By: Tiffany Baker, CIFC Campaign Manager
Sexual assault is often the elephant in the room and is a subject that is narrowly talked about. Nobody wants to talk about it, but it occurs so often that the statistics are staggering. According to the statistics; 1 in 5 women and 1 in 71 men in the United States have experienced rape or attempted rape some time in their lives. There is an average of 321,500 sexual assault cases each year on people who are older than 12. Out of these statistics, only 30% of victims will step forward to authorities to tell their story. Based on statistics provided by Rape, Abuse, & Incest National Network (RAINN), every 98 seconds an American is sexually assaulted. Despite the statistics and the effects caused by being sexually assaulted, it is estimated that out of 1000 perpetrators, only 6 will end up in prison.
U.S Department of Justice defines sexual assault as any type of sexual contact or behavior that occurs without the explicit consent of the recipient. It is a nationwide problem that we must deal with head on especially to the communities that are least likely to come forward when a sexual assault has occurred. One of these communities is our farmworker population. There are roughly between 2.5 and 3 million farmworkers working in the United States. 53% of this population are undocumented. These people often have little support, language barriers and financial hardships that make them the perfect potential target of a sexual assault, especially young women and girls. The rates amount women ages 12 and older are higher due to the vulnerability of this population.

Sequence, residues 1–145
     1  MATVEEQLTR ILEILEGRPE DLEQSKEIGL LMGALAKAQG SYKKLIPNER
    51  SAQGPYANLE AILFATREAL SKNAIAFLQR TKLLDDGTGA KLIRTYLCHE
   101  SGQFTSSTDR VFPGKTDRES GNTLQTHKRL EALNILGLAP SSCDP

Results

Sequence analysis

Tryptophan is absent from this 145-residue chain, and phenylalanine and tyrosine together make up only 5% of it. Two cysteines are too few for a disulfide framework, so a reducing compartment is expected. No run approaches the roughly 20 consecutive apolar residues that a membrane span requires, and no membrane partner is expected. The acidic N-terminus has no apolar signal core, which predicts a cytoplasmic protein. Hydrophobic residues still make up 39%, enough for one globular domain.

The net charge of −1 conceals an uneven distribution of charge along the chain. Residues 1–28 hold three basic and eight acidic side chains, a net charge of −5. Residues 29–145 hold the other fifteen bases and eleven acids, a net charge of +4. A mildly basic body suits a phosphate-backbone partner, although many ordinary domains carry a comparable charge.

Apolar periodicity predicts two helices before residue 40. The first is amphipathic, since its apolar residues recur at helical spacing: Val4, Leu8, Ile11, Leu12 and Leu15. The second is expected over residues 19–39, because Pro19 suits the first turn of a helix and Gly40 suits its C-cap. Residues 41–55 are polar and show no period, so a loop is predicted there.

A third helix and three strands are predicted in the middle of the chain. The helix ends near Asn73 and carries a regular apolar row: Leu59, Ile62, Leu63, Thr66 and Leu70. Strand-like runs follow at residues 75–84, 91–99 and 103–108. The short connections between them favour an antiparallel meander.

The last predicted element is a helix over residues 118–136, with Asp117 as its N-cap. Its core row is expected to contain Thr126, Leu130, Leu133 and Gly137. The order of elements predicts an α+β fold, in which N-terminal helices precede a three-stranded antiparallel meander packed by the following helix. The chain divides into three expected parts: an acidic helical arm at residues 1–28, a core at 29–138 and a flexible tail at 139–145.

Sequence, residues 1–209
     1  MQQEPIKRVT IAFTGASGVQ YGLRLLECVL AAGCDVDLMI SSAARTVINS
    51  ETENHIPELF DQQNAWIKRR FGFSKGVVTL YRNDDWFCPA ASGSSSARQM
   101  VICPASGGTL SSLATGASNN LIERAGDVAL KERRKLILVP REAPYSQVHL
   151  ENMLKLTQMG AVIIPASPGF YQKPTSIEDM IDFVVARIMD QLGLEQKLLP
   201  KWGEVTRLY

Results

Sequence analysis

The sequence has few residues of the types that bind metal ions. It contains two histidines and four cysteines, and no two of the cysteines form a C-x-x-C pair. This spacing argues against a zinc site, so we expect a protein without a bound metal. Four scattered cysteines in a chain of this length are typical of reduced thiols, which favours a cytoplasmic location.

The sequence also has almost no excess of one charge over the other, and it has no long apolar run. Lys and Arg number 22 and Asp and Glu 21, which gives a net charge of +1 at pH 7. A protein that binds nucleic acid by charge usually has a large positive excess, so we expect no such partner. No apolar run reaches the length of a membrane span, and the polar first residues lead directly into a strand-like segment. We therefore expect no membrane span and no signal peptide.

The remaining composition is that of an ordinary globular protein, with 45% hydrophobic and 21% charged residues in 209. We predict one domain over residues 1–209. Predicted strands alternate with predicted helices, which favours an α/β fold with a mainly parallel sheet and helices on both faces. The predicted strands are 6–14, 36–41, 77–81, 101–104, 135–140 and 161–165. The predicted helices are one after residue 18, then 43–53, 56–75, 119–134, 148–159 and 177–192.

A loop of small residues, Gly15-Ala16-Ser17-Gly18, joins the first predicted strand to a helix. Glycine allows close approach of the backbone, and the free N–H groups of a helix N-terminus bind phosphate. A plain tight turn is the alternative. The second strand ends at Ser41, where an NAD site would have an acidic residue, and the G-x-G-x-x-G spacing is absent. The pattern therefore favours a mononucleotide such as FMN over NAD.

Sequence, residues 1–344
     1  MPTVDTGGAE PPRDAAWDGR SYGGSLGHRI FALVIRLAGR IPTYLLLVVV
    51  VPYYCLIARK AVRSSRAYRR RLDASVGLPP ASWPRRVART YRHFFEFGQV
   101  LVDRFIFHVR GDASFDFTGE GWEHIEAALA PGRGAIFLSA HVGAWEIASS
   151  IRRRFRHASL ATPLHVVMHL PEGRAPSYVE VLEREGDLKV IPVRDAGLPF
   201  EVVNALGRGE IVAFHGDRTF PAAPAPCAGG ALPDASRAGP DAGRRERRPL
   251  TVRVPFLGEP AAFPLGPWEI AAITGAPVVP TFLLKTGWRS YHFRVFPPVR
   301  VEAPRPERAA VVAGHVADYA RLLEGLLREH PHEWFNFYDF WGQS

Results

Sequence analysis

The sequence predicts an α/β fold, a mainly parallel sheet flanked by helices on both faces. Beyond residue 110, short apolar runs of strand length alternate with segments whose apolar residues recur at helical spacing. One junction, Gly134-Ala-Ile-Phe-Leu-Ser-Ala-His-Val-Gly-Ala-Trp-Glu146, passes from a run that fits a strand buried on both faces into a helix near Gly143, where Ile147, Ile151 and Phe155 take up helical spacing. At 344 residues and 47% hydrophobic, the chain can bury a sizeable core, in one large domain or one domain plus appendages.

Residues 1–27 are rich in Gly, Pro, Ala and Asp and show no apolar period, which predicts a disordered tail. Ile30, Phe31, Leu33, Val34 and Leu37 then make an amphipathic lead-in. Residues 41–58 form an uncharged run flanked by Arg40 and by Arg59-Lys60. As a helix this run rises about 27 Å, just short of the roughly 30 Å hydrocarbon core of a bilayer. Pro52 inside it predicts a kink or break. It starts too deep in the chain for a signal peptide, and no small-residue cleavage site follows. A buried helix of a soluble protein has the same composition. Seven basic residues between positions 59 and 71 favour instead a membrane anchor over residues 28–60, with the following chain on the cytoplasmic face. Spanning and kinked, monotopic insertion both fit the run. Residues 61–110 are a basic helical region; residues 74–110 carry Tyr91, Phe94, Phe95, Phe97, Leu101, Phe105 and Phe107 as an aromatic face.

Many of these victims suffer in silence due to fear of what will happen after they report the perpetrator. If the perpetrator is their boss or their supervisor, these victims may not want to come forward because they fear losing their jobs, especially if they are the sole provider for their families. There have also been situations where the perpetrator may threaten the livelihood of the fathers and significant others if the victim did not agree. The victims may also be undocumented and they fear going back to their countries where they might end up in a worst situation than where they are currently. Many of them are unaware of the rights, especially because of their young age or unfamiliarity with the country, that they have and they may not know who they can trust to protect them. Often, perpetrators use the victims fear against them to continue the abused time and time again.
Despite these statistics there are resources available to all women regardless of their immigration status. There are organizations such as the Farmworker Sexual Violence Technical Assistance Project that focuses on providing quality legal assistance for victims. They also aid in coming up with a safety plan for these victims as well as to increase the knowledge of attorneys, advocates, law enforcement, law makers and the community about the challenges and issues facing victims in the farmworker community. There are also plenty of other local organization in each state that can help these victims.
We must find new ways to fight the occurrences of sexual violence in all communities around the United States.